family farmers. Nevertheless, professionals are poorly prepared in their college formation for the challenges of promoting sustainable agro systems, which is reflected in the low number (1,8%) of establishments registered as organic in the 2006 agricultural census.

2 – THE ASSOCIATION OF AGROECOLOGIAL PRODUCERS OF OURO FINO- MG

Coffee arrived in Brazil around 1727 and progressively became a major cash crop. The southern part of the state of Minas Gerais is responsible for 53% of the national production and most of its coffee is grown by small family farmers in mountain areas. Located in the very southern part of Minas Gerais, Ouro Fino’s economy is based on a diversified agricultural production led by coffee but also encompassing also dairy and horticultural products, beef, vegetables, maize, beans and timber. More than 70% of the agricultural establishments have less than 20 ha and 84% of all establishments are considered to be family farms. With a hilly topography an average of 900 meters above sea level, the region belongs to Brazil’s most important area for Coffea arabica production. Adaptable to all sizes of proprieties and cultivated equally by small and medium size farmers, coffee is the major pillar for the local economy. But the price of coffee beans varies according to international dynamics beyond the farmer’s control, and frequently costs of production are higher than revenues, especially for those that depend on hired labor. Even though coffee beans are priced according to a range of quality standards (including degustation tests) local traders conveniently utilize only two classifications for pricing, discouraging investments in quality. The nutrient-poor, erosion-prone latosol soil of the region, the high slop of some plantations and the nutritional needs of coffee plants result in a demand for fertilizers often beyond the smaller farmer’s means. Even so, producers are constantly approached by representatives of agro products enterprises ready to sell necessary as well as unnecessary agricultural inputs. This has led to the general belif that production is impossible if not supported by an array of external inputs. The Agroecological Association of Ouro Fino (AAOF) was born in 1999 as the result of the work of two professional related to the local city council administration. The initial talks with individual farmers and already existing farmer’s associations aimed at increasing awareness about the environmental and economic benefits of adopting more sustainable productive systems that demand less external inputs. The interested farmers and consumers met for communal meals provided by the only organic producer at the time. Thus the original Association was formed by producers and consumers, a situation that latter changed as process of organic certification required a group composed only of farmers. The original group was formed by producers, consumers and sympathizers of the agroecology idea. In 2004 the Association gained a new statute and only the nine producers remained affiliated. Today there are 16 small farmers with an average propriety size of 17 ha. Of these, only 6 can be considered family farmers according the governmental definition mentioned before and make little use of hired labour. The others combine the farming activity with some other income generating job and have permanently hired workers. All farmers own the propriety and the majority inherited at least part of the land. Despite the parents’ dedication to the organic production, up to now only three of the farmers have an heir interested in taking over the work.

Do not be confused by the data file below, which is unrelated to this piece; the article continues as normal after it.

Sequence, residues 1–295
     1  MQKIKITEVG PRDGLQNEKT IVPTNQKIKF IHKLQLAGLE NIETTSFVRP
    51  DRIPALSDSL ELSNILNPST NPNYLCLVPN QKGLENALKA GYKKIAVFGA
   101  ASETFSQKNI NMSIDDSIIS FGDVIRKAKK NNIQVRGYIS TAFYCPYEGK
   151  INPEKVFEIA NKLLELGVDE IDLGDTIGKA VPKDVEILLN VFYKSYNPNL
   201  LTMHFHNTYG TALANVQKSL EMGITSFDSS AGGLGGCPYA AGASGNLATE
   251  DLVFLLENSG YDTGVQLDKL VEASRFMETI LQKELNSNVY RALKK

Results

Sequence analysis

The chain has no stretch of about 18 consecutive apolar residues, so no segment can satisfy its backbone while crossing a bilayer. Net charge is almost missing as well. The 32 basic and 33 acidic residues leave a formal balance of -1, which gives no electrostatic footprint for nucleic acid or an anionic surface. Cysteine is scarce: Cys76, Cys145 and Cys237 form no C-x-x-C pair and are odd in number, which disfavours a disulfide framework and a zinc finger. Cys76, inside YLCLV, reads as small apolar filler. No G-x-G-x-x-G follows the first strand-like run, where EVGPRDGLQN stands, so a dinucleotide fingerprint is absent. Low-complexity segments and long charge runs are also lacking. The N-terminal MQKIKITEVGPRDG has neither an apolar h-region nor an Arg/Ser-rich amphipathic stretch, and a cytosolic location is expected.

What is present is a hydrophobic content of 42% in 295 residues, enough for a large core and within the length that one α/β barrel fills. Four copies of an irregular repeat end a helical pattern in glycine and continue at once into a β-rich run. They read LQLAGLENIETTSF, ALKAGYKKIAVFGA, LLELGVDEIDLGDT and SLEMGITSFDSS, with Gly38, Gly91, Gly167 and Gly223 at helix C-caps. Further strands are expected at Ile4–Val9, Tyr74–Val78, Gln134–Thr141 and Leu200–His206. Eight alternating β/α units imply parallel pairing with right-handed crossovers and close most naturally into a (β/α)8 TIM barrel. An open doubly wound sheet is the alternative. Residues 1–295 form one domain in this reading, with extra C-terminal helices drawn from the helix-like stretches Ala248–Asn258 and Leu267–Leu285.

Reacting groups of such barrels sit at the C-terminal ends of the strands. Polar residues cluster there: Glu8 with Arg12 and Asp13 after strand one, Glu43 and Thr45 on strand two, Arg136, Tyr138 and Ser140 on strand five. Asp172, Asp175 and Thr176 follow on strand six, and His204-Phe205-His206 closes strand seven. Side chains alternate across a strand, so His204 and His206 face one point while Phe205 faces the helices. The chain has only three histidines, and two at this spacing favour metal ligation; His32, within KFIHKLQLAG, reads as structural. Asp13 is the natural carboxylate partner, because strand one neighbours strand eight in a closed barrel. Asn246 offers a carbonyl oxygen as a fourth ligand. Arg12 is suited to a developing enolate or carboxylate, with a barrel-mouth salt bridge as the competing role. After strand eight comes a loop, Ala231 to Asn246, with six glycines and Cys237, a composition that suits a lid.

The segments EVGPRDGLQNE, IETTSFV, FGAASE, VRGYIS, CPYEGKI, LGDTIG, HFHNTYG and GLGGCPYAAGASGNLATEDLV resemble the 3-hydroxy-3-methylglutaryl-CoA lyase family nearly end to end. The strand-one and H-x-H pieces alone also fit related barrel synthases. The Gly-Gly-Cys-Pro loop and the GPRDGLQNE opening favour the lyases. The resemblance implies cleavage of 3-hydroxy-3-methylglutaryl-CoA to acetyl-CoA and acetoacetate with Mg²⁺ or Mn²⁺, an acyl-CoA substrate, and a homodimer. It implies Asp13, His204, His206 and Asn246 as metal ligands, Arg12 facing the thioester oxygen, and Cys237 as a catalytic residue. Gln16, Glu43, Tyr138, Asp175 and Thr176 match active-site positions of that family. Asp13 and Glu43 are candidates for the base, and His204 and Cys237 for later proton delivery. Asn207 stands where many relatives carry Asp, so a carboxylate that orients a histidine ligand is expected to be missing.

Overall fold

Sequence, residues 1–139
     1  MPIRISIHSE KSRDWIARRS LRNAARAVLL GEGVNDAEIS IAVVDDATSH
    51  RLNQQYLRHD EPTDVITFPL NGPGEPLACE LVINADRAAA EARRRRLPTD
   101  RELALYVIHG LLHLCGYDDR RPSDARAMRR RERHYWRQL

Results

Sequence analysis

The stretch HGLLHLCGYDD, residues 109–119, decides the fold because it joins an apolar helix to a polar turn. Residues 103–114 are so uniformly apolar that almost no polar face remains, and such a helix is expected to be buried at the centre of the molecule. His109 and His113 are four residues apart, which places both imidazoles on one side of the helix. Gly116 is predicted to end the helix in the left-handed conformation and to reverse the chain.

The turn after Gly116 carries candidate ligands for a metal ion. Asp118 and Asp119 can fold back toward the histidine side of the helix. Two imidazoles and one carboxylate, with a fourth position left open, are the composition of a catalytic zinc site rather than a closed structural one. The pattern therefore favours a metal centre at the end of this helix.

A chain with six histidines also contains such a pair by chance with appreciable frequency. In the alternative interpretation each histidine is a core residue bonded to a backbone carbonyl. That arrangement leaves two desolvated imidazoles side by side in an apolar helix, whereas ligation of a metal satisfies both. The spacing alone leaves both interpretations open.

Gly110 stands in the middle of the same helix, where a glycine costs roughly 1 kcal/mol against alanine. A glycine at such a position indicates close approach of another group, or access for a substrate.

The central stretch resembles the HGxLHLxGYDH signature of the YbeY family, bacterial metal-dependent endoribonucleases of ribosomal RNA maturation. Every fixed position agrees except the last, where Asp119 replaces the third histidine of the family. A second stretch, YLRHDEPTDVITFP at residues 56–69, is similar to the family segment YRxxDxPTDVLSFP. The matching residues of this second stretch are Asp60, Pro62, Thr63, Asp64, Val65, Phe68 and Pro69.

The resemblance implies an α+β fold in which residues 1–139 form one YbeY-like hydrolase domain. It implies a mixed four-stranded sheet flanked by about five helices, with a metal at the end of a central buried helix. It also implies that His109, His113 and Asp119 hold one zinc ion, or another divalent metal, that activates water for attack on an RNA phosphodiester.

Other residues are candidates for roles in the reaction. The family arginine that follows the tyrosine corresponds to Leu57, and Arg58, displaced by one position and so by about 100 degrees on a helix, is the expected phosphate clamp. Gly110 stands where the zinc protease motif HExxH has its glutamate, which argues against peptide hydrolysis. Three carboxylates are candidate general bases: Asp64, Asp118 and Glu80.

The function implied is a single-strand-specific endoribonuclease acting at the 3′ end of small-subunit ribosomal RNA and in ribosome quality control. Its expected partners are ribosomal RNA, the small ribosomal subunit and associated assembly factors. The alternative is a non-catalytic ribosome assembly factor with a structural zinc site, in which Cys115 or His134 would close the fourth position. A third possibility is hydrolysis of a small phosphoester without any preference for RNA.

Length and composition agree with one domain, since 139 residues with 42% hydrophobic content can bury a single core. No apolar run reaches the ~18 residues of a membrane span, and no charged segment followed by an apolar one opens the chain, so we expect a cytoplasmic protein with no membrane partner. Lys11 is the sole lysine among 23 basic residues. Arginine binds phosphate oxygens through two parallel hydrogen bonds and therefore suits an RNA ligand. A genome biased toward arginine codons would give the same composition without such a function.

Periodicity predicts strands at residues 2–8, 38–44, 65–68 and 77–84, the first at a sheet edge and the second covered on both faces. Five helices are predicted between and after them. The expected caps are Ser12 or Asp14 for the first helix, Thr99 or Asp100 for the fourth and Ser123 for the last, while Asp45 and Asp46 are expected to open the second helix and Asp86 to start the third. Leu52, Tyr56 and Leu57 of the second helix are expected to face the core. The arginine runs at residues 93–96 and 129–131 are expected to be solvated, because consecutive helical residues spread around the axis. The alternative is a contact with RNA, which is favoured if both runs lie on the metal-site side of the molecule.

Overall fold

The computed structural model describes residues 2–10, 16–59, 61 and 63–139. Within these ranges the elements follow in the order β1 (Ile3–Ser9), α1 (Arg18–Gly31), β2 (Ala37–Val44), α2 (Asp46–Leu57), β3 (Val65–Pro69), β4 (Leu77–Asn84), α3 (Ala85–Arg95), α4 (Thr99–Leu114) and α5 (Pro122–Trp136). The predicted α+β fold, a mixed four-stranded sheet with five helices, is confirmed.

2.1 – The organic production and commercialization

Title of paper Authors (Last Name, Initials)

Economical and Cultural Constraints in the Adoption of Agroecological Methods – a case study in Minas Gerais – Brazil Camargo, R.A.L., Oliveira, J.T.A.